A Raspberry Pi based tabulatron
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The RaspberryPi flavour of the Tabularon

Written by: Tim Ribaric

piTab 3.0

This is the 21st century version of an electronic tabulation device first appearing in code4Lib journal. Basically this device, once configured, will send a value to a Google Spreadsheet that corresponds to one of the 6 buttons on the device. The handy picture above is how we have it configured. You essentially make HTTP GET commands against that form and it will populate. Details in that link. So instead of tick sheets at your help desk, you can use this device to track.

This version of the tabulatron is fully autonomous. Once you have the device connected and running it will communicate to the web directly (Used to be Arduino connected to a CPU... it was very fussy)

If using a RaspberryPi 3 you can use the onboard wifi to connect to Eduroam.

Part List

  • 2 LEDS (different color)
  • 6 push buttons
  • 330 OHM resistor
  • AdaFruit RaspiZero Proto Shield
  • some small gauge wire to connect the buttons
  • To encapsulate it all I printed this Raspberry Pi case

Solder time

Hopefully the two images (one above and the one below) will give you the jist. The only tricky part is soldering on the resistor underneath the proto board along with the jumper wire from the ground on the other side of the board.

proto under


  • Setup your micro SD card with the basic version of raspberry Pi
  • Use sudo raspi-config to have the device automatically boot and login to CLI
  • Download/Clone the software from github (if you are reading this look for the download button up and to the right)
  • The bash script deploy does most of the automatic processes
  • edit setttings.py to set what 6 URLs you want the software to try to grab for each button
  • sudo python3 piTab.py in the directory where you cloned it will start up the application

Network Config

  • You can connect the pi either using a LAN cable for Wifi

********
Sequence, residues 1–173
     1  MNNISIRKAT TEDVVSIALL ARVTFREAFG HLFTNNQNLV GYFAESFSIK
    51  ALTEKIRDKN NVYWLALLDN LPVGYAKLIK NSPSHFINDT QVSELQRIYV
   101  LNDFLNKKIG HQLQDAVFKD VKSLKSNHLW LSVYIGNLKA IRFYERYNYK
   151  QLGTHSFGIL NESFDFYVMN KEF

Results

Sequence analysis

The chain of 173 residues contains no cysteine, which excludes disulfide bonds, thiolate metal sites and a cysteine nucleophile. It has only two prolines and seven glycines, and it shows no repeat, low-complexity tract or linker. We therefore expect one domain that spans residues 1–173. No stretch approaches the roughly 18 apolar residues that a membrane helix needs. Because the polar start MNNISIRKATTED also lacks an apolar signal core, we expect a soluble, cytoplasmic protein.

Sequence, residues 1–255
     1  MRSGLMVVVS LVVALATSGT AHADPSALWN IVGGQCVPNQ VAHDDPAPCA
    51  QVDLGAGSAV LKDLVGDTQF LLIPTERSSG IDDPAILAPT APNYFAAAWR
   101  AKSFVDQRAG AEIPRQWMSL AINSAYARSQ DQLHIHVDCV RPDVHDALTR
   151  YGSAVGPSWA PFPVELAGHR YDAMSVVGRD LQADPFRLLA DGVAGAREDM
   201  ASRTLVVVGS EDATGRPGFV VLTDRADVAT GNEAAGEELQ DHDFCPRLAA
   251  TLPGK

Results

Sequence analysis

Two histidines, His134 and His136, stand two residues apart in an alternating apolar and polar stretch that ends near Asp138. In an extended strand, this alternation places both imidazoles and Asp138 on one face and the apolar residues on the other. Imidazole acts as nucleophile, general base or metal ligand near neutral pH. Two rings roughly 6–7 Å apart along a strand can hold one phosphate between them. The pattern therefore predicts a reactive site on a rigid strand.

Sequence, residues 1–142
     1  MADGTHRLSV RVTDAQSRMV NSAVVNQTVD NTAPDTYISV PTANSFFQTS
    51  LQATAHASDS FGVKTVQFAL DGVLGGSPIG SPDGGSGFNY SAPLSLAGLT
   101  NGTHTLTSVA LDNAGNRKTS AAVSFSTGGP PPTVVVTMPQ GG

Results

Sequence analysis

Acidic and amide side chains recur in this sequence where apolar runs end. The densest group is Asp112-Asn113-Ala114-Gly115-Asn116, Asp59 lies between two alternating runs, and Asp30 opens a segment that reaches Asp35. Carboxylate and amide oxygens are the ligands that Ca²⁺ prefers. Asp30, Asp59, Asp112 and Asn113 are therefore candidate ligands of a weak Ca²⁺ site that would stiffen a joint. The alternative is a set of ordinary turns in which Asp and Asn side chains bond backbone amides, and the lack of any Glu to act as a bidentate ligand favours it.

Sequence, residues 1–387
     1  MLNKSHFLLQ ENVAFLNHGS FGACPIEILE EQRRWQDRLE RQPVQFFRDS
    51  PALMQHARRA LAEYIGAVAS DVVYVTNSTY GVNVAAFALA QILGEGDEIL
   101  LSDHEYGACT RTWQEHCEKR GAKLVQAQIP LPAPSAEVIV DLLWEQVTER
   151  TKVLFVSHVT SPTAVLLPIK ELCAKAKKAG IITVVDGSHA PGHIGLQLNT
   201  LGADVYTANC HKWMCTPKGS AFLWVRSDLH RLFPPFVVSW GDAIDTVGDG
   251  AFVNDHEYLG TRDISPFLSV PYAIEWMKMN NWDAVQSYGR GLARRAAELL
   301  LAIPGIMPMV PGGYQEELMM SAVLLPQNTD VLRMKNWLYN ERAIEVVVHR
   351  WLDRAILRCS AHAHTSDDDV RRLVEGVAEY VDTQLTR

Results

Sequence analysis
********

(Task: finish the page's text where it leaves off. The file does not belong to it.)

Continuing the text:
• There is lots of info out there about connected to a WPA2 wifi network using CLI. Heres a good one


  • It is possible to connect to an eduroam network with just the bare amount of fussing as follows:

  • sudo nano /etc/network/interfaces

  • add the following 4 lines

auto wlan0
allow-hotplug wlan0
iface wlan0 inet dhcp
wpa-conf /etc/wpa_supplicant/wpa_supplicant.conf

  • Then you will need to edit the wpa supplicant file to localize

  • sudo nano /etc/wpa_supplicant/wpa_supplicant.conf

  • add the following (use in house directives as necessary)

ctrl_inter=DIR=/var/run/wpa_supplicant GROUP = netdev

network = {
  • You can add other network descriptions here as well
  • Once you reboot you should be able to get an IP

Make script run on startup

  • add the following line to your crontab @reboot sudo /home/pi/piTab/boot_script
  • details on cron can be found here


  • A log of button presses is kept in button_log.log, this is useful for debugging
  • Two lights, one stays on to let you know that it is working, both blink on each button press
  • If the one light light shuts off, time to reboot/troubleshoot
  • You do not have to plug in a monitor/keyboard, once you configure it to run on startup you can <Ronco>set it and forget it </Ronco>
  • <EASTER EGG>You can force a connection test, check the code to see if you can find out how </EASTER EGG>
  • Hopefully code is readable. Need help? Let me know